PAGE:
Does the U.S. Need a New Plutonium-Pit Facility?
von Hippel, Frank
Steve Fetter and Frank von Hippel, "Does the U.S. Need a New Plutonium-Pit Facility?" Arms Control Today, Vol. 34, No. 4 (May 2004), pp. 10-14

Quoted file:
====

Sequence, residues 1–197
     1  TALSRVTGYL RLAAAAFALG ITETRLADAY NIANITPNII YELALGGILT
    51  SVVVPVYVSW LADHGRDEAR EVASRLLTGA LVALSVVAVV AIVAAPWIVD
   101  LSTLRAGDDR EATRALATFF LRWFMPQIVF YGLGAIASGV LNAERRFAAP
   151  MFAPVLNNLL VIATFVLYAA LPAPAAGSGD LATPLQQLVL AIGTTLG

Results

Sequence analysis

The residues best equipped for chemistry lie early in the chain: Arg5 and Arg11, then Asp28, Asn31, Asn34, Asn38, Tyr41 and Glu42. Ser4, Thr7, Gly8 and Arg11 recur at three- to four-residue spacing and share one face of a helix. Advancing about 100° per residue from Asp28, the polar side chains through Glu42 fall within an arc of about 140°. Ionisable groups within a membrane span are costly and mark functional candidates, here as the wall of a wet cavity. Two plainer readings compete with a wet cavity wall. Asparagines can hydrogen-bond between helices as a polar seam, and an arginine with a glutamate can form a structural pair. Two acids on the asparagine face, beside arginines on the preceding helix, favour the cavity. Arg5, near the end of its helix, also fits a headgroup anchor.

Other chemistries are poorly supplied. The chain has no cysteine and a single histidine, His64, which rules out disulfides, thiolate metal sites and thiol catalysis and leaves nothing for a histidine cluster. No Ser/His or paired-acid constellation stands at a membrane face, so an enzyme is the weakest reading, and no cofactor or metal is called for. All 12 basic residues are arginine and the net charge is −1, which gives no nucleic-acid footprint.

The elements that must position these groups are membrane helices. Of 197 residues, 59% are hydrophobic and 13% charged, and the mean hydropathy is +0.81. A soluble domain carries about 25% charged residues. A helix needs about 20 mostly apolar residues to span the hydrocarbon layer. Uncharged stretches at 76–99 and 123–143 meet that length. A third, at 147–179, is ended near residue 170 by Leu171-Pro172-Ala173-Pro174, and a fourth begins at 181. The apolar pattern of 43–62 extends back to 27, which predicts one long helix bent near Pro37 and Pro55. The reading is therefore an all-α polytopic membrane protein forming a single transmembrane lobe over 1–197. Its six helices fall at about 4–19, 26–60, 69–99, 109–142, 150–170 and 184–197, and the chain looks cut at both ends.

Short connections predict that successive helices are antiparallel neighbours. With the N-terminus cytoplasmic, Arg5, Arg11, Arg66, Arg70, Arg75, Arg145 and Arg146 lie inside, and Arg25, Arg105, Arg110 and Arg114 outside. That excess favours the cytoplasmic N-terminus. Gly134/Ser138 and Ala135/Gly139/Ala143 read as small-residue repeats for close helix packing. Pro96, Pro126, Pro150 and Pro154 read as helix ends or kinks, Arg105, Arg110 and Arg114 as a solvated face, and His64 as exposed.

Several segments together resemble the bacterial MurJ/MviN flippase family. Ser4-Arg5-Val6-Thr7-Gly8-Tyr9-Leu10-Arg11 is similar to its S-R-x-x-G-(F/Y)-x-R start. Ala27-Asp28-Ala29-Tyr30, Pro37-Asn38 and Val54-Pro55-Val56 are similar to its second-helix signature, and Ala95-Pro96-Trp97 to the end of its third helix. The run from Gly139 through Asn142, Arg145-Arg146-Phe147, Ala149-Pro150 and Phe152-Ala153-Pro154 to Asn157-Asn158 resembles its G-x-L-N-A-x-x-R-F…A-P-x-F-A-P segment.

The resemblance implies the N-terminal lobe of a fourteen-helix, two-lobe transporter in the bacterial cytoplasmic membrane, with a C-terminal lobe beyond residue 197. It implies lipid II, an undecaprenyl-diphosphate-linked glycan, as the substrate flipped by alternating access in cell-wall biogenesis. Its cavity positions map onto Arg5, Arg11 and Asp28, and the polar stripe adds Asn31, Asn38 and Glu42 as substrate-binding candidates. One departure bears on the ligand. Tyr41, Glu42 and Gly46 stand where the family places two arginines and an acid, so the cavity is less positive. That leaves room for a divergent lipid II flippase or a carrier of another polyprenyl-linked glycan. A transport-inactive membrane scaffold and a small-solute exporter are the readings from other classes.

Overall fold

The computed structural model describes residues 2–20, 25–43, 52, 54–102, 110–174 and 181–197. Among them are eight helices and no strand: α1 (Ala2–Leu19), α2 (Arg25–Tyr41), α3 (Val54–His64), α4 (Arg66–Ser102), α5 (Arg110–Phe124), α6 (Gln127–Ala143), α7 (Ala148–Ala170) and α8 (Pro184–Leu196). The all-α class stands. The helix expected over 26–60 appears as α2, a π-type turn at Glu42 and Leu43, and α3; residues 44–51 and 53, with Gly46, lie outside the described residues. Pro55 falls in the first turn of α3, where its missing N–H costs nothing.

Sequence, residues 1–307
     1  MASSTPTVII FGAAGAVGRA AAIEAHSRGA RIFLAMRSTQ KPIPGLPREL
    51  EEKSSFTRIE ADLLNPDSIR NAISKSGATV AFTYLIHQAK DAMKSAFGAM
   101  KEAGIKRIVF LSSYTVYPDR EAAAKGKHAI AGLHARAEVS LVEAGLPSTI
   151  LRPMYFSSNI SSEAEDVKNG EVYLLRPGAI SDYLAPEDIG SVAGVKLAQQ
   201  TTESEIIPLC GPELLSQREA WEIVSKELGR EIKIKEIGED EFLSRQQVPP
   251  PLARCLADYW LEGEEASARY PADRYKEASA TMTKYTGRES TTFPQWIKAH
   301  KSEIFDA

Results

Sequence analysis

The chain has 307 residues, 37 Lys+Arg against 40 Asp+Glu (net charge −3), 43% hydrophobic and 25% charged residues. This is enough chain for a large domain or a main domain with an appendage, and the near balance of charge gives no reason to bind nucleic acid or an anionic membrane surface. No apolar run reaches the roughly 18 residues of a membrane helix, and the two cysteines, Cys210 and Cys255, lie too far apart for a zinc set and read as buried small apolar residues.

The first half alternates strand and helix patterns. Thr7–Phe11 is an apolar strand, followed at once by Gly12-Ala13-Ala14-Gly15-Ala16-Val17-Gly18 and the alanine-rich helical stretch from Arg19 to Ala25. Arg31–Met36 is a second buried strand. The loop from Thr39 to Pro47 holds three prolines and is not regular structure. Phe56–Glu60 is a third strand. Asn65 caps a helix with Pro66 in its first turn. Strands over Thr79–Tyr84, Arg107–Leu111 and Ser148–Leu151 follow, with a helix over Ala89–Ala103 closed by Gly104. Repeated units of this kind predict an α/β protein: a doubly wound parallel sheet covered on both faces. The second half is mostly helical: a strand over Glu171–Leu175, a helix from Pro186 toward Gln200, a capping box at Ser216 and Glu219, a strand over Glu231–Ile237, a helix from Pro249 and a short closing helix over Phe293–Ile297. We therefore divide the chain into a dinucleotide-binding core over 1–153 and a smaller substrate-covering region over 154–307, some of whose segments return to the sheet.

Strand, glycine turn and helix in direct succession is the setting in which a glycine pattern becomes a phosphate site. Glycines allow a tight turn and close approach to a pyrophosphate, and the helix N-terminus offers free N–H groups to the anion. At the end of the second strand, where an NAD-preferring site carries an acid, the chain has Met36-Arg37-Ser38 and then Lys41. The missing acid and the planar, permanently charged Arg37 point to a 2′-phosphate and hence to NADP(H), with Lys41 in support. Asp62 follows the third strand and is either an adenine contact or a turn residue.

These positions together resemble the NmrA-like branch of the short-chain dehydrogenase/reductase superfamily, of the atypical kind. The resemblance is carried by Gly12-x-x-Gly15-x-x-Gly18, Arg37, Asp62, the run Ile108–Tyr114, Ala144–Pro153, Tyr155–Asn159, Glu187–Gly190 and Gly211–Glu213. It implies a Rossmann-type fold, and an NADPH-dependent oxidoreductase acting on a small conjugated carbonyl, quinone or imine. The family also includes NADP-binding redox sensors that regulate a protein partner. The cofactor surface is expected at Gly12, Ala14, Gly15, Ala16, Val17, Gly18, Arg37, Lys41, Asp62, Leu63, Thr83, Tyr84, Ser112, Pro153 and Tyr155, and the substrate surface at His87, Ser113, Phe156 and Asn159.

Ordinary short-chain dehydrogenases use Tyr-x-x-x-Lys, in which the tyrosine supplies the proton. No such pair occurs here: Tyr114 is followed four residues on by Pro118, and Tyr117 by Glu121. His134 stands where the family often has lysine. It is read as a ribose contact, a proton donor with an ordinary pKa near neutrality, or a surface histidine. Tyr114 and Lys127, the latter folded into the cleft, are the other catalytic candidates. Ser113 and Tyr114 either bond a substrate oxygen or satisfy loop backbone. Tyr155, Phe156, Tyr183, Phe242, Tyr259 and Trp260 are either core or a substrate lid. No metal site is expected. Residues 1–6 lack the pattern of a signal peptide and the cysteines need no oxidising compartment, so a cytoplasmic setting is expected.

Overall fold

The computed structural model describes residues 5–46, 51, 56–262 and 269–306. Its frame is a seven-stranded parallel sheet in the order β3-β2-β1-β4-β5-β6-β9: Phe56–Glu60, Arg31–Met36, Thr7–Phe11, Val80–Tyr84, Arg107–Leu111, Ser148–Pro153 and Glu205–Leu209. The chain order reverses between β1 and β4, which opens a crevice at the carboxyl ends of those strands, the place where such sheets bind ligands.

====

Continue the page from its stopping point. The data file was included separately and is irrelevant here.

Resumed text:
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Each nuclear weapon in the U.S. arsenal contains a “pit,” a hollow shell of plutonium clad in a corrosion- resistant metal, which is surrounded by chemical explosive. When the weapon is detonated, the explosives compress the pit into a supercritical mass and a fission chain reaction is triggered. All the pits in the current U.S. nuclear weapons stockpile were manufactured at the Department of Energy’s Rocky Flats Plant in Colorado, which was shut down in 1989 because of flagrant violations of safety and environmental regulations. During the Cold War, warheads were replaced by new designs well before the end of their design lifetimes. With the end of the Soviet-U.S. arms race, however, the need for new weapon designs also ended, and the longevity of the pits has become an issue. The pits in current U.S. warheads are expected slowly to deteriorate and at some point they will have to be replaced if the warheads are to remain in the stockpile.